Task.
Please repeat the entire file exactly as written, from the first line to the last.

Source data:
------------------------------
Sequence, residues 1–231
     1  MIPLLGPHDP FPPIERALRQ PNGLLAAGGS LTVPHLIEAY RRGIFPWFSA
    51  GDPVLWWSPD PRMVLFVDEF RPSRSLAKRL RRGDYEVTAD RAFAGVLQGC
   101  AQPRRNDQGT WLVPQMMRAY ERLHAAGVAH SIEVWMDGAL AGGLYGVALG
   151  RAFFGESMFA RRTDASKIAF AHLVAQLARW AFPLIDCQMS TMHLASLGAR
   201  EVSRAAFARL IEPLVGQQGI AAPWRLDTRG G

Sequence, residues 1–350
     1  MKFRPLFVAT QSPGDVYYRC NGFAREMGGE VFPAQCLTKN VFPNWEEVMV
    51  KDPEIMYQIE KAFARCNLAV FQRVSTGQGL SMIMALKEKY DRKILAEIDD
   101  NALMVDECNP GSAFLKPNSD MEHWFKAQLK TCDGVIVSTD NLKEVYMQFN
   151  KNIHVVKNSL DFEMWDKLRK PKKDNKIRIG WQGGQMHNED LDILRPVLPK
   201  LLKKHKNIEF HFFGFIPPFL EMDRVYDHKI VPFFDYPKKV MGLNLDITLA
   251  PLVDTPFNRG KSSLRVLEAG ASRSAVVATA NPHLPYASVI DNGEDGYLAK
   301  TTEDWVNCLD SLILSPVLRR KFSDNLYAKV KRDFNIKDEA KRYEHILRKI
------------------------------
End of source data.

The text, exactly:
Sequence, residues 1–231
     1  MIPLLGPHDP FPPIERALRQ PNGLLAAGGS LTVPHLIEAY RRGIFPWFSA
    51  GDPVLWWSPD PRMVLFVDEF RPSRSLAKRL RRGDYEVTAD RAFAGVLQGC
   101  AQPRRNDQGT WLVPQMMRAY ERLHAAGVAH SIEVWMDGAL AGGLYGVALG
   151  RAFFGESMFA RRTDASKIAF AHLVAQLARW AFPLIDCQMS TMHLASLGAR
   201  EVSRAAFARL IEPLVGQQGI AAPWRLDTRG G

Sequence, residues 1–350
     1  MKFRPLFVAT QSPGDVYYRC NGFAREMGGE VFPAQCLTKN VFPNWEEVMV
    51  KDPEIMYQIE KAFARCNLAV FQRVSTGQGL SMIMALKEKY DRKILAEIDD
   101  NALMVDECNP GSAFLKPNSD MEHWFKAQLK TCDGVIVSTD NLKEVYMQFN
   151  KNIHVVKNSL DFEMWDKLRK PKKDNKIRIG WQGGQMHNED LDILRPVLPK
   201  LLKKHKNIEF HFFGFIPPFL EMDRVYDHKI VPFFDYPKKV MGLNLDITLA
   251  PLVDTPFNRG KSSLRVLEAG ASRSAVVATA NPHLPYASVI DNGEDGYLAK
   301  TTEDWVNCLD SLILSPVLRR KFSDNLYAKV KRDFNIKDEA KRYEHILRKI